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Showing posts from June, 2018

America Is Not the Heart by Elaine Castillo. I’m gripped.

via Instagram Megan O'Grady of Vogue summarizes the plot . At the center of the novel is Hero (short for Gerónima), a daughter of privilege who was once destined for a high-status life as a doctor, but who ran away instead to become a medic for the New People’s Army, an insurgent Communist guerrilla group. A decade later, with a pair of broken thumbs (as well as less visible torments, like her rejection by her upper-class parents), she arrives in Milpitas, California, a San Francisco suburb where her favorite uncle, Pol, lives with his wife and 8-year-old daughter, Roni, a pugnacious playground feminist with a ravaging case of eczema. It’s the early 1990s, and as Hero comes slowly back to life with the help of Roni and her family (and eventually, a pretty makeup artist named Rosalyn), we see a larger community’s way of life, conveyed in the kind of sharp-edged noticing—“bruja” faith healers, Nestlé formula as breakfast staple, a clay model of a Spanish mission built on a pizza

Happiness and emptiness

Cancer Institute, where I go to work. Photo credit: CJ Tagal Here's a beautiful piece by my friend and colleague, Fred Ting, whose blog  is fascinating. After long, draining days of seeing patients from different walks of life—people with different masses from different social classes, people whose tragedies became worse because of various herbal remedies, I realized that the discipline can not only lead to compassion fatigue but may even suck the life out of me—sometimes leaving me empty, but happy. I don't feel empty but drained. I feel like I am where I should be.

Friuli Trattoria, an old haunt

Manong and I were in Quezon City last night and, while waiting for the traffic to die down, we had dinner at Friuli Trattoria , an old restaurant along Maginhawa Street. (By "old," I mean it was in existence during the years 2004 to 2009). The food tasted the same. During college, eating at places like this was a luxury, reserved for special occasions, with probinsyano friends from the dorm who had enough saved weekly allowance to buy the barbecue chicken pizza, ravioli, and a glass of Coke. It still felt like a luxury last night, but the issue was not money but time. How often do I get out of my way to visit old haunts like this after a long day at the clinic? The familiar waiters, the karinderya feel, the noisy chatter of UP students with tattoos and earrings and thick-framed glasses—I felt quite at ease. How far the Lord has brought me and my brother—and my probinsyano friends! I look at my life and see His hand designing the tapestry of my history and future.

Lamy 1.1 mm italic nib

The tragedy of today's education

Graduation season is around, and Patrick Deneen's piece is a thoughtful reminder . My students are know-nothings. They are exceedingly nice, pleasant, trustworthy, mostly honest, well-intentioned, and utterly decent. But their brains are largely empty, devoid of any substantial knowledge that might be the fruits of an education in an inheritance and a gift of a previous generation. They are the culmination of western civilization, a civilization that has forgotten nearly everything about itself, and as a result, has achieved near-perfect indifference to its own culture. It’s difficult to gain admissions to the schools where I’ve taught – Princeton, Georgetown, and now Notre Dame. Students at these institutions have done what has been demanded of them: they are superb test-takers, they know exactly what is needed to get an A in every class (meaning that they rarely allow themselves to become passionate and invested in any one subject); they build superb resumes. They are respe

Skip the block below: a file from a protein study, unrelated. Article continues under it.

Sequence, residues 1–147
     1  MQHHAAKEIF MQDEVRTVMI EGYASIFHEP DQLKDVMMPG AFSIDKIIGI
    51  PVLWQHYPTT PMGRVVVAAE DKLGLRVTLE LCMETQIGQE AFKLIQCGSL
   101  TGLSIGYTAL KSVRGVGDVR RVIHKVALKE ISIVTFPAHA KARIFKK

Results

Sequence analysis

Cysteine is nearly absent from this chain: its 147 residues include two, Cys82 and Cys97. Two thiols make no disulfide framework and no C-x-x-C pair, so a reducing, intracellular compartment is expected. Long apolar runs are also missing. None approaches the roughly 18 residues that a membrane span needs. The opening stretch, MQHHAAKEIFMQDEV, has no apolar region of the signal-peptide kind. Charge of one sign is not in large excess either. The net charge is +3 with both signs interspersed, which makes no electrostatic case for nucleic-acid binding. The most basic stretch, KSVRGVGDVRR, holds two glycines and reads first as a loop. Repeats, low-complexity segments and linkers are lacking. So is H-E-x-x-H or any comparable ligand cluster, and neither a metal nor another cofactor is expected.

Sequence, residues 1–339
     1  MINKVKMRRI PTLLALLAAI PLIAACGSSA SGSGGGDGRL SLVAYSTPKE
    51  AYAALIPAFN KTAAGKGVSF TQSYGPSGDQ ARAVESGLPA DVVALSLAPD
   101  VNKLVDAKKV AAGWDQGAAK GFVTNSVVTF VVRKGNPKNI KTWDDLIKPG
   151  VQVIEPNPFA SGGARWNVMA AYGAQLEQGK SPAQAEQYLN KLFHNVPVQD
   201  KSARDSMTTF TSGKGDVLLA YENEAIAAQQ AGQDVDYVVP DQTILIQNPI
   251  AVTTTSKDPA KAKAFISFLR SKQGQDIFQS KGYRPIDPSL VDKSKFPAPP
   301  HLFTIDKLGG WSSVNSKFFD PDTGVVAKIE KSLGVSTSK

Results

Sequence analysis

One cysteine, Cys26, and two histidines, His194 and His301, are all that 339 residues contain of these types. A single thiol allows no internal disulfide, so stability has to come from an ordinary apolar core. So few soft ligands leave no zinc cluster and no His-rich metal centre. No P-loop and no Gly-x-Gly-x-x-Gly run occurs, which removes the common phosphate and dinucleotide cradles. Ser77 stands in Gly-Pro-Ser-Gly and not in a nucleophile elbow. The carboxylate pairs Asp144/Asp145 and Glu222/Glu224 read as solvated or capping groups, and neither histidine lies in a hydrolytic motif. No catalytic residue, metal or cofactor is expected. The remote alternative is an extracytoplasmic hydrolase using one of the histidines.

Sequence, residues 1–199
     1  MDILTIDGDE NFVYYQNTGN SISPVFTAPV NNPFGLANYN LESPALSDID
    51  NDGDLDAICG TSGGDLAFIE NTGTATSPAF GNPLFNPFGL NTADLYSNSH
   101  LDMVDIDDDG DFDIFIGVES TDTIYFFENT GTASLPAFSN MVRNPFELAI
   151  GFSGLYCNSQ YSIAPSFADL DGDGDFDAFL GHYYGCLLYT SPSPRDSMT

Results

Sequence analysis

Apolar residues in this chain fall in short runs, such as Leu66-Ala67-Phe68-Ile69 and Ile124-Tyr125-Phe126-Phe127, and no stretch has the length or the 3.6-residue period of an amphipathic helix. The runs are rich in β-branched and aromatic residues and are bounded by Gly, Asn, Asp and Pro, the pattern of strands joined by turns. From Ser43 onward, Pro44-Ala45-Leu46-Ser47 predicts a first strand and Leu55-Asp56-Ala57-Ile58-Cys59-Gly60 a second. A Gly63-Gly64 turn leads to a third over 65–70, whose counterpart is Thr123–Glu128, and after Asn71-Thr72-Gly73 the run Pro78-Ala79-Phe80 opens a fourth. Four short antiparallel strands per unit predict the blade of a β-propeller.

Colon cancer stage IIIC.

via Instagram

A colleague received this bundle of joy at the Cancer Clinic. Our patients are the most generous.

via Instagram

The stark emptiness of the prosperity gospel

I've had the pleasure of reading Everything Happens for a Reason: And Others Lies I've Loved largely because of Bill Gates's recommendation . 1 The book is written by Dr. Kate Bowler, assistant professor of the History of Christianity in North America at Duke Divinity School. In 2013 she wrote  Blessed: A History of the American Prosperity Gospel (Oxford University Press, 2013) where she explored the beginnings of the health-and-wealth teachings that remain entrenched in American religious life. These doctrines—mostly based on the premise that God's will for Christians is that they always hold financial blessing and physical well-being—have creeped in so many local churches, even in the Philippines. Prosperity gospel revolves around faith, prayer, positive thinking and speech, donations, and miracle crusades; by having these elements, people can persuade God to deliver them security and prosperity. Dr. Bowler, in her deeply personal and affecting autobiography,

My stash of diaries

On a sweltering morning in Marbel I took out the old, dusty boxes beneath what used to be my bed. Where was my stash of old journals, the very same diaries my father used to read secretly, much to my dismay, to which he told me, “They were good”? Looking for forgotten things in our St. Gabriel home was—and still is—laborious. My journals were no longer in the small Rockport shoebox I had put them in last year; they were already in the top cabinets, inside a carefully sealed plastic bag, its clean, difficult knot a reminder of my father’s obsessiveness to cleanliness and organization. Our caretaker, a close cousin of my mother, said, “Ah, your Tatay must have transferred them there.” (My inability to tie my shoelaces properly—at 30 years old!—must have frustrated him.) I brought home with me two pocket journals—affordable Venzi notebooks with faux -leather covers—their acid-free pages already filled. The most recent had carefully written prayers, including one dated April 17 when I